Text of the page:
Thursday wasn't a good day to own shares of Ruby Tuesday, (NYSE:RT). It announced a major slip in earnings for its most recent quarter. Ruby Tuesday fell to a net loss of $0.37 per share from a net gain per share of $0.04 in the same quarter a year ago. This significantly missed analysts' expectations of a $0.06 per share loss and shares declined by more than 17%.
In response to the larger-than-expected loss, CEO J.J. Buettgen announced that the state of the economy was to blame for the company's shortfall. Whether or not this is true, it does seem telling that other companies in the casual dining industry appear to be struggling.
One example is Darden Restaurants, (NYSE:DRI), the parent company of Olive Garden, Red Lobster, and LongHorn Steakhouse to name a few. After the company announced that same-restaurant sales had declined by up to 5.2% at its Red Lobster chain and 4% at its Olive Garden chain, Barington Capital Group LP announced a 2.8% stake in the company and urged management to spin off its underperforming assets from its performing ones.
Another company to see disappointing earnings is Yum! Brands, (NYSE:YUM), the parent company of Pizza Hut, Taco Bell and KFC. Yum! Brands saw its earnings decline by 68% compared to the same quarter a year ago (though a large portion of this shortfall came about as a result of a writedown of its Little Sheep acquisition in China).
Although this could be a short-term downturn, Yum! Brands has been struggling all year which could indicate a larger trend. The company saw its second quarter revenue decline by roughly 8.3% when compared to the same quarter a year ago. In its first six months of the year, revenue dropped by about 8% compared to the same six months the year before.
Though Mr. Buettgen may be right and the economy could indeed be faltering, it seems more likely that consumer preferences are migrating toward fast-casual dining restaurants like Chipotle Mexican Grill (NYSE:CMG) and Panera Bread Company (NASDAQ:PNRA.DL). While the companies analyzed above have been seeing their revenue and margins fall, Chipotle and Panera have seen theirs swell.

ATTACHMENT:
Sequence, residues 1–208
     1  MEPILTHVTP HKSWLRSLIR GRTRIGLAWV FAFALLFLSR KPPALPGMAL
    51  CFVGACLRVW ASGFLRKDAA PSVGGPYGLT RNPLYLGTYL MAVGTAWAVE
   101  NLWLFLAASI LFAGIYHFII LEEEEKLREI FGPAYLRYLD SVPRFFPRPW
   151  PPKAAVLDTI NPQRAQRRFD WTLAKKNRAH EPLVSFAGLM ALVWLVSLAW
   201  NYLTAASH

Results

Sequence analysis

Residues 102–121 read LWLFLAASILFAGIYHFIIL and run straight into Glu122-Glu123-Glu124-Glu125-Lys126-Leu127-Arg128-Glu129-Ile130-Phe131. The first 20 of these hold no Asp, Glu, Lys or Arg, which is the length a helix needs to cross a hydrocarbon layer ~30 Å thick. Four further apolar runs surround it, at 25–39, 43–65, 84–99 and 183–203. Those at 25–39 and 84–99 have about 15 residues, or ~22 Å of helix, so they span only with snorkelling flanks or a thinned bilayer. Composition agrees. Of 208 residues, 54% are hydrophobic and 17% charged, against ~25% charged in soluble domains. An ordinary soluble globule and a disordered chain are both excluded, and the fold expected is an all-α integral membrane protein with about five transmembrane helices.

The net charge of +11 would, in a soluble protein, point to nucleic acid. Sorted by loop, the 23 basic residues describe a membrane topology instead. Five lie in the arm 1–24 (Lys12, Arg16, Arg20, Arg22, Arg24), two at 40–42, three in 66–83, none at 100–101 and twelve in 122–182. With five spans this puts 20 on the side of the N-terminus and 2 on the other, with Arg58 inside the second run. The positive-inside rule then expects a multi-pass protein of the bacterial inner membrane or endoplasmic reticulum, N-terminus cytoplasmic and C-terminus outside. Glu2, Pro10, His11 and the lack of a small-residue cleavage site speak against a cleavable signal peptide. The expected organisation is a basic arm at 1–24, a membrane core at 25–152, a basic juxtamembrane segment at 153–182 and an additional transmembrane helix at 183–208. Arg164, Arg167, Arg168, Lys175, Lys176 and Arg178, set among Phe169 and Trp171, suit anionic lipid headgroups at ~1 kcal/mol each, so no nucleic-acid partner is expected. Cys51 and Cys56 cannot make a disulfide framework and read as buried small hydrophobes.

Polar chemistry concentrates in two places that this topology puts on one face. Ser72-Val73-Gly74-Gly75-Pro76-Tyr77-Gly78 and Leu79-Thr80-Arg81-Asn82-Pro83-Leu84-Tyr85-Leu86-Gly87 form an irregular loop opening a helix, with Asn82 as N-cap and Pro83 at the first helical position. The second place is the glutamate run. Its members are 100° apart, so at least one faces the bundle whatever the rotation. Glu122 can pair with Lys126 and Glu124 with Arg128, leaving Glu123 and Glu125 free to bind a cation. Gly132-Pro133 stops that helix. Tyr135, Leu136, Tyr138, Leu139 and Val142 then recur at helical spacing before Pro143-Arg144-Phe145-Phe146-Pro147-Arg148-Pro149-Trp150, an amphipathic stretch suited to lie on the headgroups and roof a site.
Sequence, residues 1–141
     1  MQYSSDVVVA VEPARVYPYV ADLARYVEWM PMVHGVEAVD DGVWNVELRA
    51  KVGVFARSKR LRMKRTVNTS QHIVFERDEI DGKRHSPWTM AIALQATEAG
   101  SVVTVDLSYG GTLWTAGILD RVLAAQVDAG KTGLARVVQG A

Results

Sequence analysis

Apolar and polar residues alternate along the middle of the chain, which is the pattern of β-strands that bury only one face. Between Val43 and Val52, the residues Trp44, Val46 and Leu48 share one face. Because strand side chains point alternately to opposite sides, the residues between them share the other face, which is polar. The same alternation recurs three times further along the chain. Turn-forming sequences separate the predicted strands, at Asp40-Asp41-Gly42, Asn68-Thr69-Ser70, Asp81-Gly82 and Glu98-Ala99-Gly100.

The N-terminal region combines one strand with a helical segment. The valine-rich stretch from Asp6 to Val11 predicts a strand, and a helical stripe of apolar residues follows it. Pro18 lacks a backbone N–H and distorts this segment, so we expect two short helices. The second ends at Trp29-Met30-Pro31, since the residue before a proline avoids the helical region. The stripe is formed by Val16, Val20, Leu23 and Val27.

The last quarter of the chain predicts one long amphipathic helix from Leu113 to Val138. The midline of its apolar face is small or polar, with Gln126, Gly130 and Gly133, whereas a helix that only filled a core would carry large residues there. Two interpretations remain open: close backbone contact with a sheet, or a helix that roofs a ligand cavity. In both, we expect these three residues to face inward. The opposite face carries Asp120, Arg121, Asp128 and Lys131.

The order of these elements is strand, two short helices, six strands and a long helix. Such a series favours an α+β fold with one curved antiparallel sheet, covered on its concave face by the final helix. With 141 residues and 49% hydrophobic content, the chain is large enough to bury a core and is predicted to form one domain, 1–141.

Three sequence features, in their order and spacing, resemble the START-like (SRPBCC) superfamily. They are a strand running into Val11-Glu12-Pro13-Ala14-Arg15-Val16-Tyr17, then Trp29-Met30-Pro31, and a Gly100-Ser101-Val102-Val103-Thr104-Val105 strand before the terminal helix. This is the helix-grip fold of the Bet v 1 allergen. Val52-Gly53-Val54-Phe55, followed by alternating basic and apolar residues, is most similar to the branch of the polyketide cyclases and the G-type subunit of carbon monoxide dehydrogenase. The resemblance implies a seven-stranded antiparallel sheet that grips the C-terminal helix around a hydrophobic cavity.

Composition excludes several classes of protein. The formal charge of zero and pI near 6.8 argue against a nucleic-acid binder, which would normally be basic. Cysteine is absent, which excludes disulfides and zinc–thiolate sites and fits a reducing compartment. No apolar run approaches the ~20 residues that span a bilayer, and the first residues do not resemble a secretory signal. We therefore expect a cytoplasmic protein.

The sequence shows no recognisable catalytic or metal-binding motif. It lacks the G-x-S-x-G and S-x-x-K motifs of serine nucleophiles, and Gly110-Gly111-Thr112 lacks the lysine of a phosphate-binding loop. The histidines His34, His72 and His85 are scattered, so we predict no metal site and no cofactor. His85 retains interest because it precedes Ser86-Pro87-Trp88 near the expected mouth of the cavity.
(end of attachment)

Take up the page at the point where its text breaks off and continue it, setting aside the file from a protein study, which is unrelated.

For starters, Panera has seen its revenue increase by 64% over the past five years and its net income increase by an even more impressive 157.3% as consumers swarm to its doors in lieu of either pricey sit-down restaurants or low-quality fast food. Not to be outdone, Chipotle has seen its revenue increase to the tune of 105% over the previous five years while its net income has ballooned by 255.5%.
What does this mean for Ruby Tuesday shareholders?
Shifting consumer tastes could mean that the long-term viability of restaurants like Ruby Tuesday may be in jeopardy. In a world that is moving ever faster, companies that cannot adapt to consumer trends are often left in the dust. Despite its plight, Ruby Tuesday has something that none of its peers, especially Chipotle and Panera, have; assets.
(Table made by author. All financial data for these companies can be accessed here)
Looking at the table above, we can see the Price/Book Ratio of each company discussed in this article. Taking Yum! Brands as an example, the Price/Book Ratio states that, for every $1 in assets, less liabilities, that you receive by buying shares, you have to pay $13.24. Using this methodology, we can see that the ratio varies widely between companies. The most interesting thing to note is the Price/Book Ratio of Ruby Tuesday. At $0.74, an investor or prospective investor in Ruby Tuesday could conclude that, for spending $0.74, you are receiving $1 in book value.
From a theoretical perspective, this would mean that you could buy all of Ruby Tuesday, liquidate it, and net a return of 35.1% (assuming no fees or taxes are realized). This is especially appealing when considering the fact that the company has no goodwill, which is typically worthless upon liquidation. However, before you rush to your phone and call your broker to buy shares, it is very important to consider two things.
First, upon liquidation (whether orderly in nature or rushed due to bankruptcy), it is hard to get book value for most assets, which generally results in lower returns than expected. Second, a high Price/Book Ratio is generally reserved for a company that Mr. Market expects to perform very well in the future, while too low of a ratio may indicate potential bankruptcy risks.
Realistically speaking, the best way to approach Ruby Tuesday's low Price/Book Ratio is to assume that there is likely little downside in owning shares since the company could always liquidate if it falls below what it believes to be its liquidation value. As such, this can act as insurance against further declines. The company can also leverage its assets to borrow money for a turnaround effort, or a large investor might offer to buy up the entire company at a premium to its current book value.